Debunking Israel's imagined 'Christian awakening'

Israel is defined as a Jewish state, which means Jews have exclusive and special rights that are not given to non-Jews

A view of the city of Nazareth (photo credit: REUTERS)
A view of the city of Nazareth
(photo credit: REUTERS)
Recently publications have been highlighting “Israel’s Christians Awakening,” arguing that Palestinian Christians in Israel are undergoing a change, separating their identity from the Palestinian minority and enlisting in the Israeli army as a sign of close cooperation with Israeli Jewish society.
Recently Prime Minister Binyamin Netanyahu sent a special video message to Palestinian Christians citizens of Israel. His message served a twofold purpose: it was both another attempt to present Israel as the protector of Christian minorities (ostensibly in contrast to neighboring countries), and an opportunity to encourage Palestinian Christians citizens of Israel to serve in the Israeli military.
Netanyahu’s message comes at a time of gathering momentum in the international efforts to boycott Israeli institutions. The treatment of Palestinian Christians is particularly crucial to Israel’s image as a “Jewish and democratic state” and its relationship with the Western countries that continue to support it. It is this context that provides a clearer reading of articles about the “Christian awakening.”
I was raised in a Palestinian Catholic family in Nazareth in northern Israel. My parents’ lives revolved around family, work and church. Although I have lived in the US for many years now, I visit my family every summer and am deeply connected with my roots.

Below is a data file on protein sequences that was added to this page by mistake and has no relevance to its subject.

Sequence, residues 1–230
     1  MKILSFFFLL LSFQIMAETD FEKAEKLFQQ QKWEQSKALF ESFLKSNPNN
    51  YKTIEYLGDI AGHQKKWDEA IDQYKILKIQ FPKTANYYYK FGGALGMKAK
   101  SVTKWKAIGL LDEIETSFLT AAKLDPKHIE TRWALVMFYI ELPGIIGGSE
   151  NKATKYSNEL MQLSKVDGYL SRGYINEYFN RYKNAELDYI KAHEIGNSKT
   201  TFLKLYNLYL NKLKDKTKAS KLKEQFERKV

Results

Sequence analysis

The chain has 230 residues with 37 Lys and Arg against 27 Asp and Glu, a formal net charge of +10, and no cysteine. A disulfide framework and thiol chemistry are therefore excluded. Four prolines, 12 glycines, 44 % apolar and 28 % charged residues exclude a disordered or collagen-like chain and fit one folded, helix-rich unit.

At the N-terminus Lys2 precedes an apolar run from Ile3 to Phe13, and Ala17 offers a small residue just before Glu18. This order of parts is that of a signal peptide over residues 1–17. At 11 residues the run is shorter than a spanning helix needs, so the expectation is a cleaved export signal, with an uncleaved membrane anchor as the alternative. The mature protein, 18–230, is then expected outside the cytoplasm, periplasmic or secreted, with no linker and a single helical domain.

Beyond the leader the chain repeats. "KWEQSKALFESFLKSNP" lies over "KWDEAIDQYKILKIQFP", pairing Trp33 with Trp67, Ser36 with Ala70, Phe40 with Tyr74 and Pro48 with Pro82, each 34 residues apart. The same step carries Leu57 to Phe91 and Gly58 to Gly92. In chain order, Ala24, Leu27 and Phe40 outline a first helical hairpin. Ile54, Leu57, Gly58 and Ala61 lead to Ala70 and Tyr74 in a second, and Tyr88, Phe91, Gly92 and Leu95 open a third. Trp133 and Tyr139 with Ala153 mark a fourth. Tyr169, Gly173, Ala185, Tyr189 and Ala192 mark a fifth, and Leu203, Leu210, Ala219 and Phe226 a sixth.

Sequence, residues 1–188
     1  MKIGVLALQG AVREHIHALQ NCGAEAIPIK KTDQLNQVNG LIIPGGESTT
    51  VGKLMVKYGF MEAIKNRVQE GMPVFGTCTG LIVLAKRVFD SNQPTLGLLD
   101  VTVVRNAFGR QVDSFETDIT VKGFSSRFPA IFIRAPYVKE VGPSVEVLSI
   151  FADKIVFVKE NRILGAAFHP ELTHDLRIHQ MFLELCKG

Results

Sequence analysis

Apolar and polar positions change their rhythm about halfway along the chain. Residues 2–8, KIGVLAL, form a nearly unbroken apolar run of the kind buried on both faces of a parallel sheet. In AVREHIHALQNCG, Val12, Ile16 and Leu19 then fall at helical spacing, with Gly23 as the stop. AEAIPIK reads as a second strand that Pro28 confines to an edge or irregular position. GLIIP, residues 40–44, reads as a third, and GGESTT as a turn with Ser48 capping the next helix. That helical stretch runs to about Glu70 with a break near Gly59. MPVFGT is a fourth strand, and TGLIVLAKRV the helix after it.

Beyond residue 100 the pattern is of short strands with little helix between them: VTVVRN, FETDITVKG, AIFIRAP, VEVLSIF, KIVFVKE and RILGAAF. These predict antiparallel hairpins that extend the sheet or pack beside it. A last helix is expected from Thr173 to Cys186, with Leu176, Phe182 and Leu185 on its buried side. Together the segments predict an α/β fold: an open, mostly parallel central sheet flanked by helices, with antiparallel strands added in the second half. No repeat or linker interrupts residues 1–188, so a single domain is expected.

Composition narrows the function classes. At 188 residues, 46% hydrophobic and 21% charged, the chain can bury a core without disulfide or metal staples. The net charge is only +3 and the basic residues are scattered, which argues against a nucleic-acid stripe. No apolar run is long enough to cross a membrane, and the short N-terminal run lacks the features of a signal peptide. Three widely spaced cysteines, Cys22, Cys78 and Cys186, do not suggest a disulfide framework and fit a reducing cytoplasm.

As part of this community, I can tell you that Palestinian Christians in Israel are aware of their belonging to the Palestinian people in every aspect of their lives. They live and function within a state that is defined for others, since it is by definition a Jewish state, and policymakers are wholly focused on serving those others. The voices reported in these articles, then, are discordant with this reality, sounding like a cacophony prompted by the Israeli government.
Israel is defined as a Jewish state, which means Jews have exclusive and special rights that are not given to non-Jews. These rights include promotion of Zionist values and history, the disproportionate and beneficial allocation of resources, and other institutional privileges that have direct impact on social structures including immigration, land rights and education.
Palestinian citizens of Israel are treated as second-class citizens and lack a sense of belonging. They acutely feel a need for protection at all times within the State of Israel, whether they are Christians or not.
Over the years some cabinet ministers and political groups explicitly advocated the transfer of Palestinians citizens and even population swaps in order to maintain Israel’s Jewish majority.
Discriminatory laws and initiatives are passed to prevent Palestinians from connecting to our history, culture and religion. The ‘Nakba law’ prohits state funding to organizations that commemorate our dispossession in 1947-1949. There is also discrimination in approximately 700 agricultural and community towns in Israel on the basis of “social unsuitability,” preventing Christian and Muslim Palestinians from living among the Jewish populations.